Intrahepatic cholangiocarcinoma: can imaging phenotypes predict survival and tumor genetics?
Abdom Radiol (NY). 2018 Oct;43(10):2665-2672. doi: 10.1007/s00261-018-1505-4.
Aherne EA1, Pak LM2, Goldman DA3, Gonen M3, Jarnagin WR2, Simpson AL2, Do RK4.
PURPOSE: On computed tomography (CT), intrahepatic cholangiocarcinomas (ICC) are a visibly heterogeneous group of tumors. The purpose of this study was to investigate the associations between CT imaging phenotypes, patient survival, and known genetic markers.
METHODS: A retrospective study was performed with 66 patients with surgically resected ICC. Pre-surgical CT images of ICC were assessed by radiologists blinded to tumor genetics and patient clinical data. Associations between qualitative imaging features and overall survival (OS) and disease-free survival (DFS) were performed with Cox proportional hazards regression and visualized with Kaplan-Meier plots. Associations between radiographic features and genetic pathways (IDH1, Chromatin and RAS-MAPK) were assessed with Fisher's Exact test and the Wilcoxon Rank sum test where appropriate and corrected for multiple comparisons within each pathway using the False Discovery Rate correction.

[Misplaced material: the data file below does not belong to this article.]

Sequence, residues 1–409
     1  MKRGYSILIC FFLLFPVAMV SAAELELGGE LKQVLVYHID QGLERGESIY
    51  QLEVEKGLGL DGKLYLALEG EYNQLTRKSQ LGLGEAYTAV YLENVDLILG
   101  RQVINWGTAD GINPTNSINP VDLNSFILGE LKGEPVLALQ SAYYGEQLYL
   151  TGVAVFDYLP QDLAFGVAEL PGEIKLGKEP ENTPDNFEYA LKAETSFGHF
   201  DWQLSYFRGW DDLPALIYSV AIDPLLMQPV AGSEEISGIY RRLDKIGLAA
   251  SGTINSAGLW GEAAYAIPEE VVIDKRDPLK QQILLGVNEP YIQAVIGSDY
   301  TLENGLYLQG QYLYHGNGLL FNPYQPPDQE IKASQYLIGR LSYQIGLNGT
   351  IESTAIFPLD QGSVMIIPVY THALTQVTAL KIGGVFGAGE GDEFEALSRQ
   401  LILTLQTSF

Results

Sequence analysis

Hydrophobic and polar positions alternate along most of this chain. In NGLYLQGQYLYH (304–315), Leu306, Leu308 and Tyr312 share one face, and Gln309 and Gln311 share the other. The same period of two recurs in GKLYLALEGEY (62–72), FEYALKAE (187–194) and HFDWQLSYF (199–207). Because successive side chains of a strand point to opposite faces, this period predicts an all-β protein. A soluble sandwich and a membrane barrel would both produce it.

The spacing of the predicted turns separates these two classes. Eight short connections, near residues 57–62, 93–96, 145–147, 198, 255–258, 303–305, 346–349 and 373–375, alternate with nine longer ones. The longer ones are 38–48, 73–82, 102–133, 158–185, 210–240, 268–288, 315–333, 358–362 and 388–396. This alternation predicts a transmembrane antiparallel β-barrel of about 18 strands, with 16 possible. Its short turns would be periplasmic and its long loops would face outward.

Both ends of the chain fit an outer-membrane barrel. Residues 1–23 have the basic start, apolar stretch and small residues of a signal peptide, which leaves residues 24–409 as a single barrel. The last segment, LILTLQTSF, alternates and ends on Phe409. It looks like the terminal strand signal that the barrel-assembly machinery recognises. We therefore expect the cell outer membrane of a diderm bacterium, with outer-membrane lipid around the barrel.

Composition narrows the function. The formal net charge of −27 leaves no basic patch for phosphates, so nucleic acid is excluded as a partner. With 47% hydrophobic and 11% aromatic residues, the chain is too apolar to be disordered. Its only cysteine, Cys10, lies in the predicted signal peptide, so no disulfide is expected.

RESULTS: Three imaging features were significantly associated with a higher risk of death: necrosis (hazard ratio (HR) 2.95 95% CI 1.44-6.04, p = 0.029), satellite nodules (HR 3.29, 95% CI:1.35-8.02, p = 0.029), and vascular encasement (HR 2.63, 95% CI 1.28-5.41, p = 0.029). Additionally, with each increase in axial size, the risk of death increased (HR 1.14, 95% CI 1.03-1.26, p = 0.029). Similar to findings for OS, satellite nodules (HR 3.81, 95% CI 1.88-7.71, p = 0.002) and vascular encasement (HR 2.25, 95% CI 1.24-4.06, p = 0.019) were associated with increased risk of recurrence/death. No significant associations were found between radiographic features and genes in the IDH1, Chromatin or RAS-MAPK pathways (p = 0.63-84).
CONCLUSION: This preliminary analysis of resected ICC suggests associations between CT imaging features and OS and DFS. No association was identified between imaging features and currently known genetic pathways.